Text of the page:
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Region endorses legislation to stop harassment and abuse on municipal councils

Former Cambridge mayor Kathryn McGarry voiced support for legislation, having heard 'thousands of stories' on the issue
Region of Waterloo administration complex
The Region of Waterloo administration complex on Frederick Street in Kitchener.

Regional council endorsed a bill Wednesday that would enable municipal councils to remove members of council who violate workplace harassment policies.

Currently, the region and other municipalities have codes of conduct that prohibit members of council from harassing or abusing other members, staff, volunteers, or the public. However, there is no option to remove members from office because of their conduct.

With the endorsement of Bill 5, the Stopping Harassment and Abuse by Local Leaders Act, council will ask the province to consult with municipalities and their integrity commissioners when developing regulations related to the act.

Former Cambridge mayor Kathryn McGarry appeared as a delegation at last night's council meeting to "strongly support the motion," saying as a former head of council, MPP and a member of a 2015 Ontario all-parties select committee on sexual violence and harrassment, she has gained insight into the issue from hearing thousands of stories from across the region and Ontario.

"Harrassment and abuse of any kind are problematic in our community," she said, adding that as a nurse she cared for people who suffered traumatic abuse from colleagues in workplace situations and politicians.

Often, workplace harrassment complaints are filed against one individual, she said.

"Some politicians, and their family member or friend can be threatening in their words, tones or actions, creating a power imbalance that creates a toxic, fearful, intimidating work culture."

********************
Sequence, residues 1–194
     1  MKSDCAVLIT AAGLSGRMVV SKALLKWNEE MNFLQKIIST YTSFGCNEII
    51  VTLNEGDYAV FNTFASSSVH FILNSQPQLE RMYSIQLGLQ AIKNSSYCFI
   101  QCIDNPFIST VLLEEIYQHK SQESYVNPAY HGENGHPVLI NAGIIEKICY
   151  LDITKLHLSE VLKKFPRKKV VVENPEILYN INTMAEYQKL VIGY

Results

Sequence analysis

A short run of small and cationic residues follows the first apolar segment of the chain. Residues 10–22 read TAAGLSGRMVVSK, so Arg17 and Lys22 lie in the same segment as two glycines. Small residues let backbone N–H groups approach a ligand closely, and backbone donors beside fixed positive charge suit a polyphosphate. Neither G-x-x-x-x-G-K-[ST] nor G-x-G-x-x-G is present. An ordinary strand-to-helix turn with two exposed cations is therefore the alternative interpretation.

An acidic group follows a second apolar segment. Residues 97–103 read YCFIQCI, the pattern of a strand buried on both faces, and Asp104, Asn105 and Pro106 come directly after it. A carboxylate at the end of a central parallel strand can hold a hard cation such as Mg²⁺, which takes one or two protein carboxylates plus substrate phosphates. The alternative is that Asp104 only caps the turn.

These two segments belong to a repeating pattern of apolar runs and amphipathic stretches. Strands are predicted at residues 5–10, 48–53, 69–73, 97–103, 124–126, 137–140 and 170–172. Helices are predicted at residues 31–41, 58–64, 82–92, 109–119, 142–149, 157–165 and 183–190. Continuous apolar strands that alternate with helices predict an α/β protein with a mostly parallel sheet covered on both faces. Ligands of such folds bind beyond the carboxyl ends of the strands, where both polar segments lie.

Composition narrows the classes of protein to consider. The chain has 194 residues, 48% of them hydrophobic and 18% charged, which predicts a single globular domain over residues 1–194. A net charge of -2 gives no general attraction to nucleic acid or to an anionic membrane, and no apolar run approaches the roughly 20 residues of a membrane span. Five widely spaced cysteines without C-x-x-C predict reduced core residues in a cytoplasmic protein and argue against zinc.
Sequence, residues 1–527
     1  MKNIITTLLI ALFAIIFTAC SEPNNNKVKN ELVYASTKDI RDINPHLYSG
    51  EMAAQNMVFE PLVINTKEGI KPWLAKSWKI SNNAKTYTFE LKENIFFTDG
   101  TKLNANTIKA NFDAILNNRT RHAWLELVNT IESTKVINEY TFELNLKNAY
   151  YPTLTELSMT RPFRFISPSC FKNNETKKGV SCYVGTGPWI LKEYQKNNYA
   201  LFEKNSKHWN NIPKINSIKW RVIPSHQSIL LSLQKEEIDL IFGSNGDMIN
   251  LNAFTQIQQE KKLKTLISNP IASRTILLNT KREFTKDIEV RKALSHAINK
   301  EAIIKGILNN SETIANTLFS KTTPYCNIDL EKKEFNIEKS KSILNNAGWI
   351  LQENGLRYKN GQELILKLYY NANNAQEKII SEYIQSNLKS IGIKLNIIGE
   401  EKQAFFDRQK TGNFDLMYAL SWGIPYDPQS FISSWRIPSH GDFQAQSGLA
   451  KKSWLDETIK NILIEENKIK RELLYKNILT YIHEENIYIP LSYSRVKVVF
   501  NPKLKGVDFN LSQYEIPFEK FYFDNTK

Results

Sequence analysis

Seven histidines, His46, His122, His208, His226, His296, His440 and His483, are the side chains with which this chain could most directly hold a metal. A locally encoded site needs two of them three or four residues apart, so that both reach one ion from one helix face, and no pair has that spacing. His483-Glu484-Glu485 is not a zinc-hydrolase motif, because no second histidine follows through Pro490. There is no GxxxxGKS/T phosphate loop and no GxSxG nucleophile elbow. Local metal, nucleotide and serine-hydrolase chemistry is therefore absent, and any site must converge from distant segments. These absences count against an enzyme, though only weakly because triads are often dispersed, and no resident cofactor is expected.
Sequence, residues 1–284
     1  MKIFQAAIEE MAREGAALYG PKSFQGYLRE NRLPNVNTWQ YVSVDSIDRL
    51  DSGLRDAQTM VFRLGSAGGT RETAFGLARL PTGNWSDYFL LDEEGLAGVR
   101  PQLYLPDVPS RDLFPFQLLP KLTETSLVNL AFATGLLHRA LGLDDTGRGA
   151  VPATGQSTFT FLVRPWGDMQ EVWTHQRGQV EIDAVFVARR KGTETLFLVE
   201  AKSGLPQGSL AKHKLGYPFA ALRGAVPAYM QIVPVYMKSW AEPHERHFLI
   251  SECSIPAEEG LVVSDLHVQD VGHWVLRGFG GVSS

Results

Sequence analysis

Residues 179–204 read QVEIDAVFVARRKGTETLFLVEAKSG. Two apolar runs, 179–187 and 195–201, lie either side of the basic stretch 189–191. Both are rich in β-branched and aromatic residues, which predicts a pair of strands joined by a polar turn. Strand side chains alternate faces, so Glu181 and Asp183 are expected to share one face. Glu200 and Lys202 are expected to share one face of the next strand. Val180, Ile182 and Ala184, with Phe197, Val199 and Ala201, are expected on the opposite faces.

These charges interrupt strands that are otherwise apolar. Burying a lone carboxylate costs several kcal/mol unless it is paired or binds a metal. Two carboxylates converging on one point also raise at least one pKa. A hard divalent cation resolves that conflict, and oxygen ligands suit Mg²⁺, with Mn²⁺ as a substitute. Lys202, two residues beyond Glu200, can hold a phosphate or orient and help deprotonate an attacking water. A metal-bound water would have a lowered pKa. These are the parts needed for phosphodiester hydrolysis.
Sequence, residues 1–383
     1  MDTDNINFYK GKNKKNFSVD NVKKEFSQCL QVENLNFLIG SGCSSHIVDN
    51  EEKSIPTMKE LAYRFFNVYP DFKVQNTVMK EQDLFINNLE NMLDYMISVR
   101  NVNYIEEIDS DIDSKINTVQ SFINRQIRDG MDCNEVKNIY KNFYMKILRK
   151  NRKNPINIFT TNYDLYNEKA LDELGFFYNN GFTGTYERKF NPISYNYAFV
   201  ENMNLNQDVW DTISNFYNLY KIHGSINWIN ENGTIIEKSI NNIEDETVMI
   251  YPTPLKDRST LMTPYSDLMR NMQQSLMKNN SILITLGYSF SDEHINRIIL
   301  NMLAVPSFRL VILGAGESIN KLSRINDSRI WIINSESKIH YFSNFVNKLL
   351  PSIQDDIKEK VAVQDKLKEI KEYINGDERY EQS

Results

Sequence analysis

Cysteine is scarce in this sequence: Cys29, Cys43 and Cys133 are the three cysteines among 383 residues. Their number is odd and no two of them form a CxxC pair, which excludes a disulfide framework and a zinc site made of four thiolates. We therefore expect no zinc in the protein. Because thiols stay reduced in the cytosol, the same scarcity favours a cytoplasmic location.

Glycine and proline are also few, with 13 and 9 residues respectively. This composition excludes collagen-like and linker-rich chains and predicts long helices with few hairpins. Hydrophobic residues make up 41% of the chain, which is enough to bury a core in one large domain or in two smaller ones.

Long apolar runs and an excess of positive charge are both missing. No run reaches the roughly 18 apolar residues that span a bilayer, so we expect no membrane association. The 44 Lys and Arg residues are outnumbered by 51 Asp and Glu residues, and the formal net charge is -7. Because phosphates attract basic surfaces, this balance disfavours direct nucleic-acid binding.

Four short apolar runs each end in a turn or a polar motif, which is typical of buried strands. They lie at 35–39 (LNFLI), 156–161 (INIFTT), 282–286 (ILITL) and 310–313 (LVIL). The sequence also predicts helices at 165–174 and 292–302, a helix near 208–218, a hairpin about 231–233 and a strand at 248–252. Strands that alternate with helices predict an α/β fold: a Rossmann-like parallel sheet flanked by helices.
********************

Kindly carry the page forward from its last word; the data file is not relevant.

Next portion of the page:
McGarry said some use fake social media names and accounts to "harass, undermine and discredit colleagues and staff."

She pointed to a "recent example" in Cambridge, where the city's mandatory staff and council relations policy was long delayed "by some obstructive councillors who apparently had complaints against them."

McGarry appeared to be referring to the 2019 ruling against current mayor and then councillor Jan Liggett, which found she violated the city's code of conduct when she submitted an unfavourable job performance review against a city staff member.

In his report on the incident, the city's integrity commissioner called Liggett’s "defamatory review" of the complainant "unnecessary" and an instance of workplace harassment in that it was "replete with false allegations in a work-related document" and was "an effort to impede the complainant’s employment for reasons that are not legitimate."

He ordered Liggett to formally apologize for her actions and take a "respectful/conflict management course."

McGarry said the public and local politicians deserve better in voicing her support for tougher legislation that will allow municipalities to remove politicians who violate codes of conduct.